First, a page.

Media Archive

Atkinson Mulls 2nd Attempt to Deorganize

Article from Bangor Daily News, Monday, December 22, 2003

By Diana Bowley
of the NEWS Staff

ATKINSON School choice now appears to be a major factor driving a second attempt to deorganize this small Piscataquis County town.

A public hearing to discuss the deorganization plan will be held at 7:00 p.m. Monday Dec. 29, at the Atkinson Corner Municipal Building. The hearing is the seventh in a 12-step process.

Although an effort in November 2002 to deorganize won support, the 144-86 vote failed to carry the two-thirds majority needed to make the process final. The population of the town is about 300.

While the issues behind the original move to deorganize have not changed, it appears more emphasis is now being placed on school choice, according to Selectman David Kinney, who also is a member of the deorganization committee. Also serving on the committee are Owen Goodine, Amy Rideout, Michael Russell and Sam Andrews.

For Kinney, who supports deorganization, the benefits are threefold: Municipal officials will no longer have to scramble to find someone willing to serve elected and appointed municipal offices; residents will have school choice; and taxes will be lowered.

Opponents say the town will lose local control and the regulatory body will shift from the Department of Environmental Protection to the Land Use Regulation Commission.

The proposed deorganization plan has been accepted by the State Commission on Municipal Deorganization. Within 15 to 30 days after the Dec. 29 public hearing, a special town meeting will be called to determine whether residents accept the plan and are willing to continue the process, according to Kinney.

If the plan is accepted, the document is submitted to the legislature, which must act on whether or not to allow the process to continue to a referendum vote in the November 2004 election.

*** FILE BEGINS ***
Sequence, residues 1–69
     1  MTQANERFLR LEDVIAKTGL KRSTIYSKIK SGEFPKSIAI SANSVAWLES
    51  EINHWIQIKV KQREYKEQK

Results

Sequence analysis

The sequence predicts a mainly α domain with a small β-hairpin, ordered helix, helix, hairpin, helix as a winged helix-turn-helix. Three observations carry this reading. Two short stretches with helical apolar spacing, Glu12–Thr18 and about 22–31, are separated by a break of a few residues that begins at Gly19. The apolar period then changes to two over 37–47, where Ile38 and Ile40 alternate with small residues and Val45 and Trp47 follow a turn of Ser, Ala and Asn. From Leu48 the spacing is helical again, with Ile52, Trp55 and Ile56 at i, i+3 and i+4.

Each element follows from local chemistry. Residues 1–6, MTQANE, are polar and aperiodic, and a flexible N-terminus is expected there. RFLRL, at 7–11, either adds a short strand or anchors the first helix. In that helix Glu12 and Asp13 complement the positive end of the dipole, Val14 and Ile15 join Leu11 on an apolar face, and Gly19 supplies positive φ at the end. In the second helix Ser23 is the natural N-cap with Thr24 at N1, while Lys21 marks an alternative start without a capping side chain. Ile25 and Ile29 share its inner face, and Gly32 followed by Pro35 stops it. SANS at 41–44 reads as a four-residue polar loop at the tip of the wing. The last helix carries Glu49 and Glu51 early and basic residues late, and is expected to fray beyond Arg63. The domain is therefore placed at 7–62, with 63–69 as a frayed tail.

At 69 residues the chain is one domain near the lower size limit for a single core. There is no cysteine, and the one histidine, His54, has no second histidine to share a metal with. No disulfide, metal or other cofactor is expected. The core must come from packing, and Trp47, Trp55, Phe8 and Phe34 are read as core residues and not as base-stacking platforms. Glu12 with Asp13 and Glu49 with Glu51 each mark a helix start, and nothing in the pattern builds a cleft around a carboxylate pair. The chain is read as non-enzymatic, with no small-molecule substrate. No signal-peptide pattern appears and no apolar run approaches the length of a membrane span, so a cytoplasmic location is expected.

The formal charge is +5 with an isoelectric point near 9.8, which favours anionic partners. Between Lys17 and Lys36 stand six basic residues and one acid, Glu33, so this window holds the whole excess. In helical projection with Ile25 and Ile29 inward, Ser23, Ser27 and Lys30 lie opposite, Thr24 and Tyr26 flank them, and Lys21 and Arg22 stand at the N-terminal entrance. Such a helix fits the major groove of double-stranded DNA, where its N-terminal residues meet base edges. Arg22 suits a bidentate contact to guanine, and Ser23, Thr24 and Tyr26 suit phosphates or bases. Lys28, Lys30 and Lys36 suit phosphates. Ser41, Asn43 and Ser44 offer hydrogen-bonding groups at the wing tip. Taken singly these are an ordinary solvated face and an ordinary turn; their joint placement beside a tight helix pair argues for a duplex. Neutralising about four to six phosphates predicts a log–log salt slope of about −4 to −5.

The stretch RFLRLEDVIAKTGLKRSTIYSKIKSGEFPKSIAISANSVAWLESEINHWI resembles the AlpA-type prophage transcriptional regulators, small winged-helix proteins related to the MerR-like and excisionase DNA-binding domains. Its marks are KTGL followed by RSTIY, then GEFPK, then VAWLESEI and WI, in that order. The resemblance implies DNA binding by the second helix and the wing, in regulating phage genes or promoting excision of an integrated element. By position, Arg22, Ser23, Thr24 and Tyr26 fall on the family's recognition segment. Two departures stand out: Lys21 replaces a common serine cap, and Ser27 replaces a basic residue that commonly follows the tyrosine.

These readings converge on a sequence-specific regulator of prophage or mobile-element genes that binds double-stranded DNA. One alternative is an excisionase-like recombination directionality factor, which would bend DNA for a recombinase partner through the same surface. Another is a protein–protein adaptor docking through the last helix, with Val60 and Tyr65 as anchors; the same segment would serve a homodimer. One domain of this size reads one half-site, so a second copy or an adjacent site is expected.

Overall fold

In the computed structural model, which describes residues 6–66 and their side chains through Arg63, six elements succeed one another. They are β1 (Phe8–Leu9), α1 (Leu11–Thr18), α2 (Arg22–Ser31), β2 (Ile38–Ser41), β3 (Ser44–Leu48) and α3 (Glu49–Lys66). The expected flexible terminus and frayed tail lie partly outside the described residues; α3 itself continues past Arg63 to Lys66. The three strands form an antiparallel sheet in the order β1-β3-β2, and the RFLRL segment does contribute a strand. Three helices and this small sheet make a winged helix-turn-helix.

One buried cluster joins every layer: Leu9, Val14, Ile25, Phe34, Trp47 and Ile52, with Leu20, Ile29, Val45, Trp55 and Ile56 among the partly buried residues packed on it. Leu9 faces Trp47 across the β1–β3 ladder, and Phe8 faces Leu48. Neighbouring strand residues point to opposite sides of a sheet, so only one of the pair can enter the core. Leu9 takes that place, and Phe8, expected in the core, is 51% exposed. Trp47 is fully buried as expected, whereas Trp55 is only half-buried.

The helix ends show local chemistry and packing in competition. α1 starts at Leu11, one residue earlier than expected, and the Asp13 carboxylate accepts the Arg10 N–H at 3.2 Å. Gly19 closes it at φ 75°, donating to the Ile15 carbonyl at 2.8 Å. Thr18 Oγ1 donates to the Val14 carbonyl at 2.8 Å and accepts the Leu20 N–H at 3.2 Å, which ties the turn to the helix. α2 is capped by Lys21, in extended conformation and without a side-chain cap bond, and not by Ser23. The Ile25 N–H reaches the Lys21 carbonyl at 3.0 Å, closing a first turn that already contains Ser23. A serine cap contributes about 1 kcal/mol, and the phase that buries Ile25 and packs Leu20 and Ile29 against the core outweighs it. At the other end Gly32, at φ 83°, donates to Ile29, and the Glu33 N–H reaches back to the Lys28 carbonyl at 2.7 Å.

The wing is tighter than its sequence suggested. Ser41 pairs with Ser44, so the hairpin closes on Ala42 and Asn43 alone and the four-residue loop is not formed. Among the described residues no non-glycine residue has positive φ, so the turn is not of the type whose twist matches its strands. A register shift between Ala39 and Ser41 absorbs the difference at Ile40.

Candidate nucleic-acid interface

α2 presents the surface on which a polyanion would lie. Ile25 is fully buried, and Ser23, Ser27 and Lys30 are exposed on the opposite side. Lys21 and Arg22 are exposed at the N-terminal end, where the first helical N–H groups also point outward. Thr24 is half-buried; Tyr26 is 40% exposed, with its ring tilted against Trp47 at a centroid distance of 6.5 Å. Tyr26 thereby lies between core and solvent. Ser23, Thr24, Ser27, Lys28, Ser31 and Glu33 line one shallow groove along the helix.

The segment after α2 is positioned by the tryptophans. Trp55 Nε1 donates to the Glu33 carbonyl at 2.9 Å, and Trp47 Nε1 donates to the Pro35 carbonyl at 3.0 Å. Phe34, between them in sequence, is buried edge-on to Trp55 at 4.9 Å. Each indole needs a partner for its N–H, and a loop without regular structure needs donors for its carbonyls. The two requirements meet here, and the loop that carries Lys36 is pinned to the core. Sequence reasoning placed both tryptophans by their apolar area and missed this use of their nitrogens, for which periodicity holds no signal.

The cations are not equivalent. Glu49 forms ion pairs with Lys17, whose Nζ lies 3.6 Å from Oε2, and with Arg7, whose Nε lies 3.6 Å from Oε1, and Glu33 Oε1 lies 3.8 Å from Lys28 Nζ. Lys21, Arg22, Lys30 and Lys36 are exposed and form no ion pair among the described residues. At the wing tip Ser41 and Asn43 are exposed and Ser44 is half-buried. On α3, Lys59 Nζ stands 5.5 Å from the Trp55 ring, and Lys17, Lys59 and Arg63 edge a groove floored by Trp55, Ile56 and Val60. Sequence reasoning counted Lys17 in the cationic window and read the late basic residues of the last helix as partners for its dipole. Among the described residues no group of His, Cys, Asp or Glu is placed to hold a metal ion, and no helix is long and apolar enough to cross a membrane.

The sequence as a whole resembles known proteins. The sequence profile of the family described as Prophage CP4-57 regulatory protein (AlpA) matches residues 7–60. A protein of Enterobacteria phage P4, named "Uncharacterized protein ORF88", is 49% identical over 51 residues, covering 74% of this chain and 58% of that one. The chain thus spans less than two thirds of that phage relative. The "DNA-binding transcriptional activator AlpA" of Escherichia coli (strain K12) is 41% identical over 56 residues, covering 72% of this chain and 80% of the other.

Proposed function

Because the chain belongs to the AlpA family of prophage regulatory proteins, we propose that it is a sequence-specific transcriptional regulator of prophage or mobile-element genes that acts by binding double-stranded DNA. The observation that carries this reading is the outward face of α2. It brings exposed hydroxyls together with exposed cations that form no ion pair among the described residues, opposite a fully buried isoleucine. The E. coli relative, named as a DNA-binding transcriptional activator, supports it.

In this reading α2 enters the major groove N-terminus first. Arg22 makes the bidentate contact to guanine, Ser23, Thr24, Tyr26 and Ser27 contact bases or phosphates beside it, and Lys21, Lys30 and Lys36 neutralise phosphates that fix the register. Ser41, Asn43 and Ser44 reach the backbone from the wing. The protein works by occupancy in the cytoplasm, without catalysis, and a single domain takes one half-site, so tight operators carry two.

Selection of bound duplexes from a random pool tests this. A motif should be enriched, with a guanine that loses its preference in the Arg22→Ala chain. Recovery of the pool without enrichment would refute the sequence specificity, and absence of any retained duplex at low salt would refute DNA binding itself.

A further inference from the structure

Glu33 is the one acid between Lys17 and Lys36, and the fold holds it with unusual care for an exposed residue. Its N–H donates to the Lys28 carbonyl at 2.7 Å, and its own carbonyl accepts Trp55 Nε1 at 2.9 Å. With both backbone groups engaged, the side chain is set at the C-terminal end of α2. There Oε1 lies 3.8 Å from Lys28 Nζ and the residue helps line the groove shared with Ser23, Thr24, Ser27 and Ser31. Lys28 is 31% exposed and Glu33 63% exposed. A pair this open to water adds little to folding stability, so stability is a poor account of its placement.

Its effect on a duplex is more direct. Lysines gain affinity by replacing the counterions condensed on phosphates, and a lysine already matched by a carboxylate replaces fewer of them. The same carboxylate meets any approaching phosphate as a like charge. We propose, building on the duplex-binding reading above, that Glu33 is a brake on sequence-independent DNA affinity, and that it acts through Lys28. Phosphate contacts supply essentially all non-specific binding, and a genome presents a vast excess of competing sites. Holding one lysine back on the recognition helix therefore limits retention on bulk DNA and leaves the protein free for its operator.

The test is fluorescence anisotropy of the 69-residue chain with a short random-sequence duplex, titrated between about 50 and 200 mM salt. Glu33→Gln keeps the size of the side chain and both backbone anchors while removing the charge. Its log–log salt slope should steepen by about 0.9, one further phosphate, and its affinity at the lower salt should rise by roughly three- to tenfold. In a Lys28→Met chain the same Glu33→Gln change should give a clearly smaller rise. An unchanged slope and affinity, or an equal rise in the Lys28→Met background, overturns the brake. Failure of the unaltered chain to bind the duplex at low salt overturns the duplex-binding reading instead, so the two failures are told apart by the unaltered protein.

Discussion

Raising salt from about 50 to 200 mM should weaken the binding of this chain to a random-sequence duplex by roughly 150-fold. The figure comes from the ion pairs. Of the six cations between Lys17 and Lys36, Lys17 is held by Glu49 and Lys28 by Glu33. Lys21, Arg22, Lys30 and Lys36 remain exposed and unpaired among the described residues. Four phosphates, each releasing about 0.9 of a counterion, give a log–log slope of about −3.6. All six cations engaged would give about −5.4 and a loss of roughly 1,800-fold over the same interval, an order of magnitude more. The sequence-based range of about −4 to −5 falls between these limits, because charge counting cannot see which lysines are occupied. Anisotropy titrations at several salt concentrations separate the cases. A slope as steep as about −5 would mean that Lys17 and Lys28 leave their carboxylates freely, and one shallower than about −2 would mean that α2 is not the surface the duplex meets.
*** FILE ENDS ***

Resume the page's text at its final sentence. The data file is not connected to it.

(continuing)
Under the proposed deorganization plan, the approximately 50 Atkinson students would be tuitioned and bussed to SAD 68 schools and Foxcroft Academy, rather than SAD 41 where they are enrolled now. That change, which has been approved by state education officials, is favored by a large majority of parents who were polled by the committee. The state would pay the tuition for the children who want to remain in SAD 41 or go somewhere other than SAD 68, but parents would have to provide the transportation.

As for the taxes, the current mill rate of $19 per $1,000 valuation would drop to about $8 per $1,000 valuation. The town is in a unique situation since approximately 16,000 of the 24,000 acres in the community are in state-controlled programs that limit the town's ability to tax, such as the tree growth and open space, Kinney said. This shift the burden from one taxpayer to another, according to Kinney.

If the town deorganized, LURC would become the regulatory body and the Piscataquis County commissioners would be the governing body for town roads, fire protection and solid waste. Cemeteries would remain under the control of the local cemetery corporation. Taxes would be assessed by an paid to the state at the county rate, and residents would vote in a neighboring community.


NOTE - This article reflects the views of the author and not necessarily those of the TRC Alliance Team.